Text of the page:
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Controversies, Consequences and Challenges

Measuring research impact and engagement is a much debated topic in the UK and internationally. This book is the first to provide a critical review of the research impact agenda, situating it within international efforts to improve research utilisation. Using empirical data, it discusses research impact tools and processes for key groups such as academics, research funders, ‘knowledge brokers’ and research users, and considers the challenges and consequences of incentivising and rewarding particular articulations of research impact.

It draws on wide ranging qualitative data, combined with theories about the science-policy interplay and audit regimes to suggest ways to improve research impact.

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How research can inform public services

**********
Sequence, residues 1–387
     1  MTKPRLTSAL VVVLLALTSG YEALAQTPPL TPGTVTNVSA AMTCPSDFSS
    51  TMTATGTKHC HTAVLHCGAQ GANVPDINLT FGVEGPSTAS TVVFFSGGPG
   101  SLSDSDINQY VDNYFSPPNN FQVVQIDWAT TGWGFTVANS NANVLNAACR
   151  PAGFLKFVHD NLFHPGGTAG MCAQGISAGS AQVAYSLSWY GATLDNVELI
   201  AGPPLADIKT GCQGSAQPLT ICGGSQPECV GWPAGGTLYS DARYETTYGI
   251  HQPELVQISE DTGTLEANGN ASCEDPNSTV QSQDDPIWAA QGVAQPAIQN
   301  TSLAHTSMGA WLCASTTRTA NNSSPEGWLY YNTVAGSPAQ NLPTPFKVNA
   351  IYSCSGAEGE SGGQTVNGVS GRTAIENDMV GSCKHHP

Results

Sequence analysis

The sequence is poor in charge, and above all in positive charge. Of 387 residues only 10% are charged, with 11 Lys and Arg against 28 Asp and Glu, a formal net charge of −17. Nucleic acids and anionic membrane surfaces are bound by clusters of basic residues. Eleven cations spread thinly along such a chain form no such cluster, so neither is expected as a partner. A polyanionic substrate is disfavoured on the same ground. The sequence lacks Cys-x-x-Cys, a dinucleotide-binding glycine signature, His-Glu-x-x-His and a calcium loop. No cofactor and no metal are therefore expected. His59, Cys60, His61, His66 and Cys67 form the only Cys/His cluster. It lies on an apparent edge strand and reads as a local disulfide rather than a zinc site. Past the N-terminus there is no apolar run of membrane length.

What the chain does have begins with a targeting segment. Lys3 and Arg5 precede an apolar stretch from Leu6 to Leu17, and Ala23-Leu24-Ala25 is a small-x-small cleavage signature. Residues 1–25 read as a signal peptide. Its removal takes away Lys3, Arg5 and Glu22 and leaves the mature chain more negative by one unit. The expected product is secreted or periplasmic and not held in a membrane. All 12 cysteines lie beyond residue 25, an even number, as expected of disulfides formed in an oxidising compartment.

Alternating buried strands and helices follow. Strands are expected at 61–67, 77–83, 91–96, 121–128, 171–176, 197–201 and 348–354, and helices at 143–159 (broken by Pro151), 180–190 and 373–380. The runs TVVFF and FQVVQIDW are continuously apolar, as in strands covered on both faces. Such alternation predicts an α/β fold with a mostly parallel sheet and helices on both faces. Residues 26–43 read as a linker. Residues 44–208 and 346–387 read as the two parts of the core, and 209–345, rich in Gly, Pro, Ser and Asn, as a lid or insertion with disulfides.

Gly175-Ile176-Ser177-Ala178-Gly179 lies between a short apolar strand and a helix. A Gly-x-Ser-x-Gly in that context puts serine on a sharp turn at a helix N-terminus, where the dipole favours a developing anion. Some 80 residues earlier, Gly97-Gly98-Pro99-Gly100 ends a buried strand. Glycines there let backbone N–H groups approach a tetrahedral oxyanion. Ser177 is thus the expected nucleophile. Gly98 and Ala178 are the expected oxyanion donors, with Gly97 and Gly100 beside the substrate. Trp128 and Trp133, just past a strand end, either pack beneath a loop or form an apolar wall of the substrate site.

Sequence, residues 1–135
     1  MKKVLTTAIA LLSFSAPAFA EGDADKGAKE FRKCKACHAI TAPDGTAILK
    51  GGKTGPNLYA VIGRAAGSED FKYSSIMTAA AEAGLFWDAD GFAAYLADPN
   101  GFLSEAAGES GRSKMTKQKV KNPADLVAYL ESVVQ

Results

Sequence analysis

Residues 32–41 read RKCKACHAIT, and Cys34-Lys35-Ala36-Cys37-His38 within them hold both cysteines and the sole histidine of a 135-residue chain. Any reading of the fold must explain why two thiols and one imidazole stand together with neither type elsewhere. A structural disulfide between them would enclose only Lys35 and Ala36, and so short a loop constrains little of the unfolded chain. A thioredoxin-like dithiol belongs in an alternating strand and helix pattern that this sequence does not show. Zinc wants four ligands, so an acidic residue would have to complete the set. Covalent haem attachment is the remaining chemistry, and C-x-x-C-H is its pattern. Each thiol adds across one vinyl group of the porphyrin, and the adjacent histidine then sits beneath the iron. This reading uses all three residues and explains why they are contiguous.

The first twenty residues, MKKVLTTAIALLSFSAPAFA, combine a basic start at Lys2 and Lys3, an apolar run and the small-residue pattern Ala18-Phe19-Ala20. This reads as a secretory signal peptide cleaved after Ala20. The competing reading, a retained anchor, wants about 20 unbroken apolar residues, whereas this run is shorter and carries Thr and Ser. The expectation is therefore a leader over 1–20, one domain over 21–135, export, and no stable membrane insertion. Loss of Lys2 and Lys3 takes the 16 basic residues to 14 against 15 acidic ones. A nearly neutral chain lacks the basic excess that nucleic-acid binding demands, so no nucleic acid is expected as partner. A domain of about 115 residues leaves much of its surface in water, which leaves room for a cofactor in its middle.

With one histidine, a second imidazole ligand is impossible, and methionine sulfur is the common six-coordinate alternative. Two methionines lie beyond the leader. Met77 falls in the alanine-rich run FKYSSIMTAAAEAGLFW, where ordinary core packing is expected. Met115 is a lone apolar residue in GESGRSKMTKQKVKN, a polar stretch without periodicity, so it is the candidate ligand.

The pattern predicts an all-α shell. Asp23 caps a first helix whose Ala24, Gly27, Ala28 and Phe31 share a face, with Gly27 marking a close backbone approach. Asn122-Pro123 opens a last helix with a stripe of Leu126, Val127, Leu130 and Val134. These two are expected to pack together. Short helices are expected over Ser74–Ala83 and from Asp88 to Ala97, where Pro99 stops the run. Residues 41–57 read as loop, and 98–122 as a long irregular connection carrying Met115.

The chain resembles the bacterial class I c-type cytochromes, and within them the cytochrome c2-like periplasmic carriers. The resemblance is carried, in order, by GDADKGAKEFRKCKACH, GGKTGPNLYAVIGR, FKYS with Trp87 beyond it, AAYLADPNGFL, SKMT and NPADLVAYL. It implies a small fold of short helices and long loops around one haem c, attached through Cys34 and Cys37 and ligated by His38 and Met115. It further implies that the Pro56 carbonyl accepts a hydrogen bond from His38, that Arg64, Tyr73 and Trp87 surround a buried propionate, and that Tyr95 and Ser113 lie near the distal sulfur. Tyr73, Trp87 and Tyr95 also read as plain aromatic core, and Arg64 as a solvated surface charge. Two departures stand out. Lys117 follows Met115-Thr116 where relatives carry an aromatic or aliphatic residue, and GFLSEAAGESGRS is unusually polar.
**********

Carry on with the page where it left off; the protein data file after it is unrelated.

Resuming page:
This book provides a timely and novel contribution to understanding and enhancing evidence use. It builds on and complements the popular and best-selling “What Works?: Evidence-based policy and practice in public services" (Davies, Nutley and Smith, Policy Press, 2000), by drawing together current knowledge about how research gets used and how this can be encouraged and improved. In particular, the authors explore various multidiscipliary frameworks for understanding the research use agenda; consider how research use and the impact of research can be assessed; summarise the empirical evidence from the education, health care, social care and criminal justice fields about how research is used and how this can be improved and draw out practical issues that need to be addressed if research is to have greater impact on public services. “Using evidence" is important reading for university and government researchers, research funding bodies, public service managers and professionals, and students of public policy and management. It will also prove an invaluable guide for anyone involved in the implementation of evidence-based policy and practice.